|CO2 (megatonnes of CO2 equivalent)||Other greenhouse gases (megatonnes of CO2 equivalent)|
|Buildings and construction||2022*||8.5||0.2|
|Buildings and construction||2021*||9.6||0.2|
|* provisional figures|
Less natural gas consumption
CO2 emissions decreased in the electricity sector, agriculture, manufacturing and the built environment (homes, offices, schools, care institutions, etc.). This is mainly due to the fact that less natural gas was used. High natural gas prices played a role, but the first quarter of 2022 was also relatively warmer than the same quarter in 2021. The latter mainly has a dampening effect on natural gas consumption in the built environment.
Due to a decrease in output, the electricity sector emitted 14 percent fewer greenhouse gases, despite the fact that more coal was burned instead of natural gas. The increase in production from renewable sources also contributed to lower emissions. The lower electricity production was accompanied by lower electricity consumption, which was partly caused by higher energy prices.
Mobility emissions virtually unchanged
In Q1 2022, greenhouse gas emissions from mobility were approximately the same as in Q1 2021. As a result, mobility emissions were still below pre-COVID levels. The consumption of petrol in this period was 8 percent higher than in the first quarter of 2021, while diesel consumption decreased by 4 percent.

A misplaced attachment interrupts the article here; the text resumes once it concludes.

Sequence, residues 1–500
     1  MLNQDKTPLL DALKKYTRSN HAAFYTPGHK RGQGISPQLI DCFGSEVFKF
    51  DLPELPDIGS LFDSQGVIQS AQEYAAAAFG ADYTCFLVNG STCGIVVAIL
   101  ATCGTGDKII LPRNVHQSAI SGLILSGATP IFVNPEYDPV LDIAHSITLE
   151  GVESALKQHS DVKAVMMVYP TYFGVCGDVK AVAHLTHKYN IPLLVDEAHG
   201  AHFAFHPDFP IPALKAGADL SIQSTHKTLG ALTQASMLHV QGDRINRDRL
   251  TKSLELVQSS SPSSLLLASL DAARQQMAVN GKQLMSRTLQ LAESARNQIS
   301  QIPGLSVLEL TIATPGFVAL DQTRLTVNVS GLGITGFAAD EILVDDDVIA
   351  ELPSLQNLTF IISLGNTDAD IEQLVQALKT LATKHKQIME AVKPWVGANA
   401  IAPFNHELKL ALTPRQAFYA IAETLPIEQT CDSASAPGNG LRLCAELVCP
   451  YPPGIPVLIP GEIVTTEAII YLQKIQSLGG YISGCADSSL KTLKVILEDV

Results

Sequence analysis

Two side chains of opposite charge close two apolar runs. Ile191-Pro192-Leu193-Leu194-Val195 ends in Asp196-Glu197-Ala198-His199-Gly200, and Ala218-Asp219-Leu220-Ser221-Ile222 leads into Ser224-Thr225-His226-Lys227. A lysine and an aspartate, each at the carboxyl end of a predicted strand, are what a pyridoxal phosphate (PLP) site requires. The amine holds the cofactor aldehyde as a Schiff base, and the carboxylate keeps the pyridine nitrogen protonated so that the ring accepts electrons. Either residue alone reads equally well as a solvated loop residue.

Statistics Netherlands also calculates CO2 emissions from all domestic economic activities according to the national accounts. Compared to emissions according to the IPCC definitions, this also includes the CO2 emissions from international air and sea transport and the emissions from combustion of biomass. In the message below, the CO2 emissions are presented in accordance with the calculation method of the national accounts.
CO2 emissions significantly lower, while Dutch economy grows
In Q1 2022, the Dutch economy emitted 9.9 percent less CO2 than in Q1 2021, while GDP grew by 7.0 percent over this period. Output was significantly higher in almost all sectors of the economy, while CO2 emissions were lower.
The transport sector is the biggest exception to this. This sector emitted 13.5 percent more CO2 than one year previously, and the value added grew by 15.7 percent. The increase in emissions is mainly due to the partial recovery of aviation. CO2 emissions from Dutch aviation were 49 percent higher than in the same quarter last year. Emissions from inland shipping were also higher, by more than 13 percent compared to the first quarter of 2021. Maritime transport emitted less than twelve months previously.
|Categories||CO2 emissions (year-on-year volume change in %)||Value added (year-on-year volume change in %)||Bbp (year-on-year volume change in %)|
|Total (weather adjusted)||-5.9|
|Energy and water supply, |
manufacturing and construction